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Donkin Mine Idled Following Protracted Stop Work Order



November 13, 2023 -  Morien Resources Corp. ("Morien" or the "Company") (TSX-V:MOX), today provided an update on the Donkin Coal Mine (“Donkin” or the “Mine”) in Nova Scotia, owned and operated by Kameron Collieries (“Kameron”), upon which Morien has a 2% to 4% royalty interest.

In consideration of a 118-day long Stop Work Order (“SWO”), in effect since July 15, 2023, Kameron has made the decision to lay off the remaining hourly workforce at the Mine and to place the operation into an idled state with no timeline to resume operations.

The SWO was put in place by the Nova Scotia Department of Labour, Skills and Immigration (“DOL”), a provincial regulator for the Mine. The SWO was issued in response to a roof fall incident on July 15 that was subsequently ameliorated by Kameron between July 19 and July 27.

While SWO’s are meant to be temporary in duration, and while roof falls are not uncommon in underground mines1, and while no Kameron workers were injured nor any equipment damaged during the fall, the SWO nonetheless remains in place at the time of this news release, approximately four months after the fall was reported, which Morien understands makes it one of the longest SWO’s in Nova Scotia’s recent history.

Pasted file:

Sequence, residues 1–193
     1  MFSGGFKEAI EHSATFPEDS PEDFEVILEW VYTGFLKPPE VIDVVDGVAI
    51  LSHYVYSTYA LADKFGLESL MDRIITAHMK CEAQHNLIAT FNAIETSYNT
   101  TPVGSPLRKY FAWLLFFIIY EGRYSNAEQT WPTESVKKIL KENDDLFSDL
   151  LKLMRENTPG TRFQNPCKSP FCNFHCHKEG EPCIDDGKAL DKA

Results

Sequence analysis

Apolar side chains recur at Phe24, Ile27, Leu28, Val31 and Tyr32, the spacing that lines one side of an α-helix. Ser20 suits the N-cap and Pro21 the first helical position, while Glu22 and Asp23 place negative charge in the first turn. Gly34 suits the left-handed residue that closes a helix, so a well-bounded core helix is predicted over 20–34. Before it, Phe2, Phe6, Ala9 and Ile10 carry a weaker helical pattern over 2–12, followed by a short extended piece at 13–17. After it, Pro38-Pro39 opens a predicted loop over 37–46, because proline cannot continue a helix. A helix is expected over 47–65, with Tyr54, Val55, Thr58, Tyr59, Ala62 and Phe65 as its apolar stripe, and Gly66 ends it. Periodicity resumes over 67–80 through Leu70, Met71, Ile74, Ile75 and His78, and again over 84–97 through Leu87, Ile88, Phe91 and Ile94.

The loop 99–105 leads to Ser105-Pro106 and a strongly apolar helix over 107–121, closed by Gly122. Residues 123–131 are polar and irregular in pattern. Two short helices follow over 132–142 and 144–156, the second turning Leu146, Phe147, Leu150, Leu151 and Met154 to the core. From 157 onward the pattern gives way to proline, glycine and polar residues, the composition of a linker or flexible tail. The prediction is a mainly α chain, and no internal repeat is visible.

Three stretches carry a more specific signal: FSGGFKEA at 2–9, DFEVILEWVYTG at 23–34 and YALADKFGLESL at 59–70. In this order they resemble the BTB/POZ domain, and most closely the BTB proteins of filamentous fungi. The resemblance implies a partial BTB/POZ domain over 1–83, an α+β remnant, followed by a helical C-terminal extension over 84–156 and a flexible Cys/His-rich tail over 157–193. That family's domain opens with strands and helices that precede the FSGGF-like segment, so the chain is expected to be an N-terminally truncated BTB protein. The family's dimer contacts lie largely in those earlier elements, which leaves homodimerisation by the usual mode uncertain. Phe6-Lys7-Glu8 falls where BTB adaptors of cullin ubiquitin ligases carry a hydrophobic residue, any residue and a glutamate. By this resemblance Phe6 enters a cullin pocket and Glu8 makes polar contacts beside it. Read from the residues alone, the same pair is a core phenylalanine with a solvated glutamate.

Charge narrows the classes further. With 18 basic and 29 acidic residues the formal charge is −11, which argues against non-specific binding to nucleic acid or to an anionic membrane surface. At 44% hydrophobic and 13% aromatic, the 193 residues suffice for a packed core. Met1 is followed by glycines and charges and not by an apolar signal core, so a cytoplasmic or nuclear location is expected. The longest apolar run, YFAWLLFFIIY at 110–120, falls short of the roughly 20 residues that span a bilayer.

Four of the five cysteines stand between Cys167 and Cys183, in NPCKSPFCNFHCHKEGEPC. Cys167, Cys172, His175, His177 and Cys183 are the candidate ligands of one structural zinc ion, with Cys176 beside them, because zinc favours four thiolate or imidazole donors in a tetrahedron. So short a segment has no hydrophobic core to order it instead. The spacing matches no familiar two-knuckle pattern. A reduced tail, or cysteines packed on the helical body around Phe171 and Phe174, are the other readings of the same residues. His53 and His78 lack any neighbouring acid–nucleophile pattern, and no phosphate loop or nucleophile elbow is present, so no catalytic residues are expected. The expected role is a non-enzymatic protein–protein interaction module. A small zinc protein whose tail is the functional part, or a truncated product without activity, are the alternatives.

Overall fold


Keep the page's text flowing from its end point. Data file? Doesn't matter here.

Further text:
In the words of Gardner Pinfold Consultants Inc., an economics consultancy based in Nova Scotia which recently completed a socio-economic impacts analysis of the Donkin Mine – “There are very few single prospects in Nova Scotia with the potential to provide economic impacts of this scale and extended period.” Kameron have spent over C$300 million developing the Mine since 2015. Prior to the July SWO, Kameron was employing over 130 full-time staff, a number that, at full production, was projected to grow to approximately 250, with local trucking and the Sydney marine export terminal accounting for an additional 130 jobs directly affiliated with the Mine, in addition to the hundreds of spinoff jobs that Donkin creates in the local region. At full production, Kameron would be the 6th largest private sector employer in Cape Breton, in a region with a 12% unemployment rate, more than double that in Halifax Regional Municipality2. These mining jobs pay approximately $80k per year before bonuses and overtime3. The GDP impact to the Cape Breton economy stemming from Donkin’s mining operations, over its anticipated 25-year mine life, is expected to be in the order of $1.6 billion, or an annual average GDP contribution of $52 million, a substantial value-add to this region of Nova Scotia4.

Morien is disappointed that the circumstances surrounding the regulation of the Donkin Mine have compelled Kameron to idle the operation. While Kameron has given no indication of its timing to reopen the Mine, Morien will be working diligently to advocate for a potential return to production, and will provide updates to shareholders, stakeholders, and investors as to the status of operations at the Mine as they become available.